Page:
When I started planning my menu, I decided that I will use different containers to bake my souffle in. My original plan was just a sweet and savoury souffle each for the event but somehow I ended up making four souffles this weekend! Here goes my very long story on my "souffley weekend" which does have a happy ending at the end of it:
My weekend kicked off on a slow start as I was still a bit doozy from preparing for Sugar High Friday plus we had a nice buka puasa dinner on Friday night. (No pictures of food as we were late and all the food was almost gone by the time we queued!) Hence it was only after lunch before I started making my Apple Souffles which I got from a cookbook called Dangerous Desserts. Caramelising the apples and cooking their sauce was very relaxing. Then came the tough part, trying to carve my Red Delicious apple to fit my souffle. It was especially hard as I panicked a bit when I saw the insides turning a bit brown so I kept brushing it with lemon juice in between my carving efforts. Cooking the apple to a pureed state took a while so I had to blend them. The souffle mixture was easy to make and I filled up my apples and some glass ramekins I had. Not too sure why but the souffles in my ramekins puffed up while the apple ones didn't puff up as much as I liked. I reckon it could because the sides are not straight enough or I had not filled up apple cups until the brim to make it overflow on top. Never mind, it tasted great with the caramelised apples which I had added lots and lots of lemon zest. I won't share the recipes here (except the last souffle) as it will be an extremely long post if I do but if you wish for copies, email me.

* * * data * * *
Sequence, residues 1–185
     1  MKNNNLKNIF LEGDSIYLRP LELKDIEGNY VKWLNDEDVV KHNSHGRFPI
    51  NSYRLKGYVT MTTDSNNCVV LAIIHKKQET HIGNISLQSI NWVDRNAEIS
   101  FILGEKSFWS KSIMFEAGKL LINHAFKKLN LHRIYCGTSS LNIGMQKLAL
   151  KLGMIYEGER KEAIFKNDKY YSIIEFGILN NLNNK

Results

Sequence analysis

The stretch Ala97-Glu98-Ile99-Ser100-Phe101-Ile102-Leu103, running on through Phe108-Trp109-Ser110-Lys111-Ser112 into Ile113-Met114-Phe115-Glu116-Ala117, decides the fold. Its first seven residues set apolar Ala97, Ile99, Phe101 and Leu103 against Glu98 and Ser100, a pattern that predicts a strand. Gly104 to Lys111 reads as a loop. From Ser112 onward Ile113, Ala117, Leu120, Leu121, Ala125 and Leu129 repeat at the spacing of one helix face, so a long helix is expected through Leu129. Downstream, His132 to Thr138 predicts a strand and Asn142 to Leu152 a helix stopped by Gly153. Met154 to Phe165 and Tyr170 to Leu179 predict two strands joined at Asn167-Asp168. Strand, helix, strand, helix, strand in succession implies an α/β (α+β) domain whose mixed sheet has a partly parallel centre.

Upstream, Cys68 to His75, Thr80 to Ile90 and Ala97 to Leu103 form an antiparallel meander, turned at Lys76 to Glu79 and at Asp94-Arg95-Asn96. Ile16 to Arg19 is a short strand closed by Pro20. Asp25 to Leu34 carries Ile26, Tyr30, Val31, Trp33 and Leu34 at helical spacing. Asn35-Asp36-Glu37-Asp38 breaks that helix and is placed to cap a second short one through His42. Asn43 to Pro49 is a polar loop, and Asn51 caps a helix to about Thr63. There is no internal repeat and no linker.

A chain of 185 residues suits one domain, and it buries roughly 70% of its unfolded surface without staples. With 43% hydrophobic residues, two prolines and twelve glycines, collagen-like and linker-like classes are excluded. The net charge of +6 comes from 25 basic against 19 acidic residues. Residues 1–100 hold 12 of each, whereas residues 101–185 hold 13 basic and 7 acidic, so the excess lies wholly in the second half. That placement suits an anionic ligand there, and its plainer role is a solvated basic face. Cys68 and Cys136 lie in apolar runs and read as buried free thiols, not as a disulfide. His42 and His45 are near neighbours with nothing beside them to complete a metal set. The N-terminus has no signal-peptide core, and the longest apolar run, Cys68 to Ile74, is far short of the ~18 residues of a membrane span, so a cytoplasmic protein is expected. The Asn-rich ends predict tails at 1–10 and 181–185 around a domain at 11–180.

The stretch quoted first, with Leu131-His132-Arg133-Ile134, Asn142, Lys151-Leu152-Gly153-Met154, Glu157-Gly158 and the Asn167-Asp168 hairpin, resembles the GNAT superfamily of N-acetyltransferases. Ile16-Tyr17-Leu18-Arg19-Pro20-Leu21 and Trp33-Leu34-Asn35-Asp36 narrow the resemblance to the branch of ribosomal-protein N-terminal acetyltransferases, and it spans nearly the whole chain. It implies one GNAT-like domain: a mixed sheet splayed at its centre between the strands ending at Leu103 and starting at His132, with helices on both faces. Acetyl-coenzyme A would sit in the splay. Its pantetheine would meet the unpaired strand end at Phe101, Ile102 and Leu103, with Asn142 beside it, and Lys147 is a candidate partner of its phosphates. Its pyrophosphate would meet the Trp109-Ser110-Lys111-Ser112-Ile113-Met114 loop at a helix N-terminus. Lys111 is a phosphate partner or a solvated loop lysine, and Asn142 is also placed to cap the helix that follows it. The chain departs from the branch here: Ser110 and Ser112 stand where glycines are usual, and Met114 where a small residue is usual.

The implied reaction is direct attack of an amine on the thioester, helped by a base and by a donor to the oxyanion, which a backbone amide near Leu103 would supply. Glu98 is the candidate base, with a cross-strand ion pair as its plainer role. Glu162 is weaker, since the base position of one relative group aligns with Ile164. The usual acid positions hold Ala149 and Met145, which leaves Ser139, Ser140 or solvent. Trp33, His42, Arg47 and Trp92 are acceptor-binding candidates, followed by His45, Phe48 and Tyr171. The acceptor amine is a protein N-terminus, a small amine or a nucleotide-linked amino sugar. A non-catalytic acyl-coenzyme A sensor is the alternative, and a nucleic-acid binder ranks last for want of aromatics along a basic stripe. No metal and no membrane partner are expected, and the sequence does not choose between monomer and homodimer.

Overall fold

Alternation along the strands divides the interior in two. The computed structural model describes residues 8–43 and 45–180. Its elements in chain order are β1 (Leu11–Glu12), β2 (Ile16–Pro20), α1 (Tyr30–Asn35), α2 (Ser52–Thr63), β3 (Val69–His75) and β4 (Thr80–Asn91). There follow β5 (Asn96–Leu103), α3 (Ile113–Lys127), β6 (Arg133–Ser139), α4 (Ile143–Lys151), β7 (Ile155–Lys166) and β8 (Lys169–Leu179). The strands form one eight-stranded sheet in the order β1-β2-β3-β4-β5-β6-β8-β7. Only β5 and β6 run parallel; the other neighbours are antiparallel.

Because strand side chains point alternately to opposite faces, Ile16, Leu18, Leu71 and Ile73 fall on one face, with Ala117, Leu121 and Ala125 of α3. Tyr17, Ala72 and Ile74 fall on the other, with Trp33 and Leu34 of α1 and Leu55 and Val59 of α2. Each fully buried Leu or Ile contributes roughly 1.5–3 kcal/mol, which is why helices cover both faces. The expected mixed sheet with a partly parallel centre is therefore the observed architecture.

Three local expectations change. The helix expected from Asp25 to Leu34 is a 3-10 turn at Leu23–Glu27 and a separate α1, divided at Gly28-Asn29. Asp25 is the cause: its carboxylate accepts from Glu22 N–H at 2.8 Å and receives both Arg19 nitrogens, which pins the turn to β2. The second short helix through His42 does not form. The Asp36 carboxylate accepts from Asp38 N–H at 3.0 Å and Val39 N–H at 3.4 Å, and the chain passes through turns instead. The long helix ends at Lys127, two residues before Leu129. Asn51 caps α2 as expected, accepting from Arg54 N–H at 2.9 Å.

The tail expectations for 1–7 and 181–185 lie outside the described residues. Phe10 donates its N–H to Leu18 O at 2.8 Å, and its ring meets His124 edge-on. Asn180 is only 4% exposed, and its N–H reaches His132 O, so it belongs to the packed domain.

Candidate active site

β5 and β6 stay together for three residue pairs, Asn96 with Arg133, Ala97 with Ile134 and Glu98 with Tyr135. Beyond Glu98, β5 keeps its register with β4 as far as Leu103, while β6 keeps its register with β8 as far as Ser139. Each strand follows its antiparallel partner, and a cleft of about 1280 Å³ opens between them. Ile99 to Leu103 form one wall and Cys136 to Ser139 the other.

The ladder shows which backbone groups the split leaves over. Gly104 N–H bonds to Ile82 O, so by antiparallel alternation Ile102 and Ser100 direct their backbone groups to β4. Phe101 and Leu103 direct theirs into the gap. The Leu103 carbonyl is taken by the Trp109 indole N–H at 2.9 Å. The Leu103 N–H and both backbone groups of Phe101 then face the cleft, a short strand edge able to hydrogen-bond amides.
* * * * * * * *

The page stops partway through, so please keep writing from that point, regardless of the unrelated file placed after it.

I wasn't too satisfied with my apple souffles as I wanted a puffed up top but I decided not to worry about it too much as I had to cook for my Blog Party which took the whole night to cook, take pictures and write up. The writing took so much of my time as I had some technical problems posting that by the time I finished, I was yawning my head off. The next morning after a great night's rest, I made my savoury souffle. I wanted something small and simple so I chose to make a Stilton Souffle Stuffed Mushroom. The recipe is from the BBC's Food website and was featured in Ready Steady Cook by Ross Burden. There was another similar recipe by Paul Rankin but I decided on this one since it used chef's rings and had no cream in it. As it was an Internet recipe, I also had no picture to guide me on what the end result looked like.
The souffle was a small puff on top of the portobello mushroom but I had a bit of liquid pouring out from the bottom which I suspect should not happen. However, it tasted great and made a light brekkie for me before I went out for the day. Before I went out, I did some surfing and thumbing through the other entries, I was a bit forlorn as I so wanted a souffle with a lovely high top.
I decided to make another souffle as I so wanted a puffy top one so I chose this recipe that said, fail proof chocolate souffles from my BBC Good Food magazine. Can you believe I failed in making them? Maybe it was a combination of factors but I suspect I did not beat my egg whites enough before I folded them in. Nevertheless they tasted great although not souffle like and photographed like a dream as I took them on a sunny Sunday afternoon. They were also incredibly decadent with a scoop of coffee ice cream and bittersweet chocolate sauce that they would have been perfect for SHF instead.